Van Ostern emerges as runaway Executive Council District 2 winnerBy GARRY RAYNO
New Hampshire Union Leader
November 07. 2012 3:13AM
MANCHESTER - Long lines and new voter registrations slowed election results last night, but one Executive Council candidate looked to have an easy victory, newcomer Colin Van Ostern in District 2.
Democrat Van Ostern of Concord held a two-to-one advantage over Republican attorney Michael Tierney of Hopkinton with about one-third of the vote counted, with a 10,000 vote margin.
Republican incumbent Chris Sununu of Newfields also held a comfortable lead over Democratic challenger Bill Duncan of New Castle.
Sununu easily won the Republican towns of Hampton Falls, Seabrook and Epping despite strong showings at the top of the ticket for Democrats.
The District 4 contest between Manchester businessmen Democrat Chris Pappas and Republican Bob Burns was solidly in Pappas' corner in early returns without the heavily Republican towns of Londonderry and Bedford reporting.
Pappas won Ward 7 in Manchester, 2,221 to Burns' 1,142 and also won the Republican towns of Loudon, Allenstown and Epsom.
A close contest was also shaping up between incumbent District 5 Councilor David Wheeler of Milford and former councilor Democrat Debra Pignatelli of Nashua, although Nashua results were not in at press time.
The large voter turnout Tuesday slowed returns as many cities and towns held polls open to accommodate the long lines at closing time.
In the District 4 race to replace retiring Republican councilor Raymond Wieczorek of Manchester, Pappas and Burns clashed over the ideology and focus on social issues of the all-Republican council the last two years.
Pappas said people are unhappy with the current council and its political agenda and extreme views, while Burns believes the council did a good job controlling state spending.
Burns and Pappas fought over many issues including Burns' statement that he would be true to his principles and would never compromise or sell out his ideology. Pappas said a councilor needs flexibility to do the job.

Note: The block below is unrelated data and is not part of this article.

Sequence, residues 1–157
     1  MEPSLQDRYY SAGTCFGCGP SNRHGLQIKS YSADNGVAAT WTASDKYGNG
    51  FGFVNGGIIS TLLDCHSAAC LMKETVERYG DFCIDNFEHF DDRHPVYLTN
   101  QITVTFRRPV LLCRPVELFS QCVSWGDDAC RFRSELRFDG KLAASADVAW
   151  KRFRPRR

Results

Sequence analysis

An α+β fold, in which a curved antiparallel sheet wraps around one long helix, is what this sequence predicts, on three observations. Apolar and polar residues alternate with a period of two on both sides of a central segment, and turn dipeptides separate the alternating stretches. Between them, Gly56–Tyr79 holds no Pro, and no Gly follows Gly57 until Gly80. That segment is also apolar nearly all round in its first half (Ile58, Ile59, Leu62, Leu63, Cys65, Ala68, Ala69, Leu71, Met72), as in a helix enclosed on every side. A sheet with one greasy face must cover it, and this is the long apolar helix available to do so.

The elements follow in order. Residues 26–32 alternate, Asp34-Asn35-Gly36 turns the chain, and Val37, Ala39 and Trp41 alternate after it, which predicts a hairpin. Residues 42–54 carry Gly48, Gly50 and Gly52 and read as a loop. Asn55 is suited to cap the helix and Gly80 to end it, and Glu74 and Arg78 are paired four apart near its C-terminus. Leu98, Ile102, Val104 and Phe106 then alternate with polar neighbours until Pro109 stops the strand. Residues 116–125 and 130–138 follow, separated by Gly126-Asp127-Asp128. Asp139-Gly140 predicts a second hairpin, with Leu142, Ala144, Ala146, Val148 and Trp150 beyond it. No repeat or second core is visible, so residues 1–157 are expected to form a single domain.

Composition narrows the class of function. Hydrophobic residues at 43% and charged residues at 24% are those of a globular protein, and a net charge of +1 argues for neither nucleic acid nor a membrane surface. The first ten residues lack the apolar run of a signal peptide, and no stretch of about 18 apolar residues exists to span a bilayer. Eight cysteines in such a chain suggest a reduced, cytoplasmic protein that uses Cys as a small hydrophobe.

They also fought over funding a study of commuter rail along the Merrimack River corridor and whether Planned Parenthood of Northern New England should hold state contracts.
Similar issued dogged the District 5 race, where Wheeler and Pignatelli faced off for the fourth time for the seat.
Both claim to be good watchdogs of taxpayers' money, but differed widely on most other issues, including judicial appointments.
The Dean of the council, District 1 councilor Raymond Burton, R-Bath, was in a race in his rematch with Beth Funicella, D-Jackson in early returns. He held a 3,000-vote advantage with about one-quarter of the precincts reporting.
Incumbent Burton has represented the district that encompasses the top half of the state for 34 years, and challenger Beth Funicella, D-Jackson, says that is the problem.
"It's time for a change, a fresh pair of eyes looking at the problems that have lingered far too long," says Funicella earlier. "I'm giving the voters a choice."
Burton stressed his constituent service helping businesses, organizations and individuals in his district through what appear to many to be the maze of state government. And he emphasized his experience and ability to get things done for his district and its people.
In the District 2 race, the candidates stood in stark contrast in both fiscal and social issues. Van Ostern was endorsed by Planned Parenthood while Tierney fought the organization both in court and before a state agency.
The two had never run for public office before although neither is a novice on the political scene.
The council's actions over the last two years were a central issue in the District 3 race.
Sununu praised the council's ability to work with Democratic Gov. John Lynch, while Duncan claims the council breached the public trust and for the first time in its 300-year history, "disregarded state laws and did its own political business instead of the state's business."
Sununu won the seat in 2010.
Libertarian candidates contested three of the five races.
For the first time in two decades, the political boundaries of the five council district were redrawn.